Morbido 2020 Review: SANCTORUM, Cosmic Forces Respond to Narco-Violence in Mexico
A little boy’s mother vanishes along with other fellow workers at a marijuana farm hidden in the mountains of rural Mexico. The farmers have grown weary of being caught in the middle of the crossfire between the drug cartels and local authorities. They say to themselves, we are farmers not criminals and the hills appear to be responding to their pleas. A strange howling can be heard through the clouds. Earth and sky also seem to be crying out at the injustice. There is no trust of either side, even the so-called authorities, so the farmers go into the forest to cut off the military. The child wanders into the forest to look for his missing mother. When man can no longer help how will earth and sky respond?
Joshua Gil's sophomore feature film, Sanctorum, was filmed mostly in the indigenous language of Mije with non-professional actors. There is a rawness and authenticity to the performances. It also adds to the near other worldliness to it, because it is a language which we rarely ever hear. Almost documentarion in its capture it makes their plight more believable. It's not quite as voyueristic as a Malick film can be, one would be remiss to not think of the famed director when watching this.
If you did not know going in Sanctorum that Gil had his Master’s degree in Cinematography you will by the time it is over. Golly does he shoot good film. Even at its most bleak it is so beautiful to look at, even when he tweaks a handful of images in post. The film was shot in the mountains of Oaxaca in southern Mexico. The etheral moments were shot at the Salar de Uyuni salt flats in Bolivia in South America. The rustic setting of rural Oaxaca grounds Gil's film is what should keep us grounded when watching his film, but even the Earth will speak when needed. Where he does any tinkering with his images is when he shoots the scenes on the flats.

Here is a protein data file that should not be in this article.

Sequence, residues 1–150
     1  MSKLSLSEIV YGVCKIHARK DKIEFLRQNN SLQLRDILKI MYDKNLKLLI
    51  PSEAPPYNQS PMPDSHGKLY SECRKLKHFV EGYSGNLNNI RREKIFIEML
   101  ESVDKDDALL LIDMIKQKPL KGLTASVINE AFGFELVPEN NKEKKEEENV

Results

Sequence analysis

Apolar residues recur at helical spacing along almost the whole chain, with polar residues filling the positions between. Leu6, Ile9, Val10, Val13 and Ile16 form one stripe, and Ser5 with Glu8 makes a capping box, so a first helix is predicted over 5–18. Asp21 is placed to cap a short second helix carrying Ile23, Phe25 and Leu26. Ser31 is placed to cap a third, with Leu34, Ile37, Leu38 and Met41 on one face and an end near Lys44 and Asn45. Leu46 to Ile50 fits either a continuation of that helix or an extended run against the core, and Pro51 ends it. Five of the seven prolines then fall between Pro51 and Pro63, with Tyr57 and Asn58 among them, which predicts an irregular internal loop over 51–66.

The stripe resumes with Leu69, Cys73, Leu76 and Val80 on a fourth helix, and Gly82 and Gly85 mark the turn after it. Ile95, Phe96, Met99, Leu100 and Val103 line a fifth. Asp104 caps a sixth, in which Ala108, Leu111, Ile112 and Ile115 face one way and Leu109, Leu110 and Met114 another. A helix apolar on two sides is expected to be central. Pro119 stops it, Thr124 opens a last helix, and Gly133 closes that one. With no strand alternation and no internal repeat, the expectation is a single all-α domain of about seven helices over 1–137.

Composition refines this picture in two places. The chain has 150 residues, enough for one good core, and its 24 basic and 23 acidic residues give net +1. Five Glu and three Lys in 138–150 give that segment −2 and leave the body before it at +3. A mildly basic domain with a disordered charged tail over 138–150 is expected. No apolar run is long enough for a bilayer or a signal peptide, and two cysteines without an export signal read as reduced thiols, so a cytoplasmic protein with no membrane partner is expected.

While the violence is the catalyst it is not the focus of his film. We go into a film like Sanctorum with a presumtion we know enough, by way of popular media, about the violence. Gil doesn't want to dwell on it but takes us beyond the stereotypes related to this genre. When it happens, it happens out of sight or so far away from the camera. Perhaps this is why it is still so harrowing to not see it, or clearly make out what is happening. From the top of a quarry we see enough to know what is happening down at the bottom. From outside a home, on the veranda, we can hear what is happening inside the house.
The story of Sanctorm is simple and realistic, even for one that involves earthly and spiritual intercession against narco-violence in Mexico. Sanctorum is both a drama and a fantasy, one which treats the local beliefs with reverance but to outsiders we will look at it with wonder because their beliefe are a blend of the pagan and the biblical.
Sanctorum will appeal to the arthouse crowd looking for an alternative response to this everyday issue that impacts lives in Mexico. It will have appeal to fans of the aforementioned Terrance Malick who has often chosen poetry over exposition. It is a collection of raw performances, breathtaking vistas and provoking interpretations of the deadly drug trade. Perhaps it is a bit too cryptic for the layman but there is a rewarding experience here for those looking for a little bit of hope, even by way of spiritual intercessions.